The developers seem to underestimate the need for a robust user interface with clear error messages and transaction semantics (i.e. a command either fails and changes nothing, or it completes successfully). Even non-programmers use revision control systems, and most programmers are primarily interested in their own project and not necessarily in
tla input and output formats are currently deliberately incompatible with the rest of the GNU system. An internal file name encoding is externally exposed, and this encoding is not used anywhere else at the moment. The problem at hand is the possibility that file names might contain column or record separators. (The GNU way is to use the ASCII NUL character optionally, to deal with file names with spaces or control characters.
tla does not support this.)
Redesign the changeset format, probably based on VCDIFF (RFC
3284). Unlike unified diffs (which are currently used by
tla), VCDIFF deltas are one-way and not reversible when just the delta itself is known. (this is not so much of a problem,
tla uses changesets only in forward direction most of the time). Additionally, VCDIFF deltas only support exact application. Fuzzy application (i.e. the contents of new source file for the delta is not identical to the the source file contents the delta was computed to) requires access to the original source file of the data. This is a fundamental change in some respects, but many merge operations in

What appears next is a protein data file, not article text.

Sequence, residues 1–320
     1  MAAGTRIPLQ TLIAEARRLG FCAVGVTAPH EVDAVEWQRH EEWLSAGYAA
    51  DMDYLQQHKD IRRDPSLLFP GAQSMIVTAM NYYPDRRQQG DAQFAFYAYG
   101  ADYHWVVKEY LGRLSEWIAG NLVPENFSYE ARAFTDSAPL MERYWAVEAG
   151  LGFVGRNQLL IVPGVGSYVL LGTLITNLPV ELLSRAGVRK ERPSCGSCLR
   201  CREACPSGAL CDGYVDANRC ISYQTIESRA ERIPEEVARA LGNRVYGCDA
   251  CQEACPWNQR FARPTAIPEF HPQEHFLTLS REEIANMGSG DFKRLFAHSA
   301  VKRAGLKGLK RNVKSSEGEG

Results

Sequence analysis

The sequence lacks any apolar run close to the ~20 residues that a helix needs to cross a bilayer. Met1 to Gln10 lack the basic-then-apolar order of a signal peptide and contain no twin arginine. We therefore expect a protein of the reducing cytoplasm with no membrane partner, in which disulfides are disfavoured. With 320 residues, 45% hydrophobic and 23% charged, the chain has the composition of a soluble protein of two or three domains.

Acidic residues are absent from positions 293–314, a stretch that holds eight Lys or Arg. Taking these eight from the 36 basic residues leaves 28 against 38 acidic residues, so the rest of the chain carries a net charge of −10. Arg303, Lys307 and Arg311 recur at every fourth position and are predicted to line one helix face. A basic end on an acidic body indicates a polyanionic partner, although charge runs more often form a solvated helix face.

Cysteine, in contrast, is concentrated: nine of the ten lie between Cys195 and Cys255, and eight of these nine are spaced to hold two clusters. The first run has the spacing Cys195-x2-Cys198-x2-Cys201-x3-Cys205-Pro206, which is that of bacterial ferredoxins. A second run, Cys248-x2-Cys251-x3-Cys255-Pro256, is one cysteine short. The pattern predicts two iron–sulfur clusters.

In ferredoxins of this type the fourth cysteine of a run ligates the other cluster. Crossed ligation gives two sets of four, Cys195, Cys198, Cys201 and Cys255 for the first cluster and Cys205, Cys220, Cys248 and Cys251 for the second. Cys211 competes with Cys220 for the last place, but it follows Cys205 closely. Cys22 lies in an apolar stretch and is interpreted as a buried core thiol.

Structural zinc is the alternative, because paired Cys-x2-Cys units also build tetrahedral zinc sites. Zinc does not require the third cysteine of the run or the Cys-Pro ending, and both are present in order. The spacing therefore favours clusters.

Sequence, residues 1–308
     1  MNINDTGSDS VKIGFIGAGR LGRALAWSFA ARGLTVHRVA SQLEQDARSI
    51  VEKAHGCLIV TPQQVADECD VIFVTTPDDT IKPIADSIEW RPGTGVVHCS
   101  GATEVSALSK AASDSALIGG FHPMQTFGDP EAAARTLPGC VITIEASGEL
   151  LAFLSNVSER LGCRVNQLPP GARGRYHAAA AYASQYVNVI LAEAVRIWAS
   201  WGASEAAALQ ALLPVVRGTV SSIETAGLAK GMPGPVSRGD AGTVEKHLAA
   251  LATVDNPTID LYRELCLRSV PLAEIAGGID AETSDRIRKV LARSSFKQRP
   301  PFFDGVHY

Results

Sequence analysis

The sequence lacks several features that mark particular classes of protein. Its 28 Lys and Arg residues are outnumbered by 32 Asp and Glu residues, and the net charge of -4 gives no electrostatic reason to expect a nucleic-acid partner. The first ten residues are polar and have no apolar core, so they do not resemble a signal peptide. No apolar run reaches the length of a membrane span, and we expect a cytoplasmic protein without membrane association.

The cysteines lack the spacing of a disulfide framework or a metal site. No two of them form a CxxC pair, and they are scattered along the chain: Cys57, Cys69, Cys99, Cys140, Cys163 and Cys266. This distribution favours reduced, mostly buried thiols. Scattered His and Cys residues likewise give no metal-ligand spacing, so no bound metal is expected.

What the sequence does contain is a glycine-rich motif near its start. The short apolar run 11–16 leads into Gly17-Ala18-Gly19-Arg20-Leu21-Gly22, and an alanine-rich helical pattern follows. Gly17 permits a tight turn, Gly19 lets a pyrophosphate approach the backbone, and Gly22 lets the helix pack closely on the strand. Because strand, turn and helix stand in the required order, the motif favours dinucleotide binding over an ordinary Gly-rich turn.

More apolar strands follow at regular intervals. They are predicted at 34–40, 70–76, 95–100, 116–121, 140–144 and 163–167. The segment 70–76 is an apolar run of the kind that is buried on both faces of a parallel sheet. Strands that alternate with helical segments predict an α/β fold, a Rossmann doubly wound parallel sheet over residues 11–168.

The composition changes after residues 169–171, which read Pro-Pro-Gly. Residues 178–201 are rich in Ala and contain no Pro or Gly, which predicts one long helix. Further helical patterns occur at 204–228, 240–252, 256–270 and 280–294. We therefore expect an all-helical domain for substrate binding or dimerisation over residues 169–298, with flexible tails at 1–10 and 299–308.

tla already require the computation of source files.
Provide a human-readable changeset format with complete metadata. This format is intended for exchange of patches over mailing lists and should include unified diffs.
Do not expose the archive format, but use a changeset server which implements access control (and pipelining, to cut down effects of network latency).
Project trees should not abuse the file system as a database. If a database is required, use a real one (such as BDB or SQLite), or CSV files containing multiple records, but not one file per record.
Use a file cache (with LRU logic) instead of revision libraries.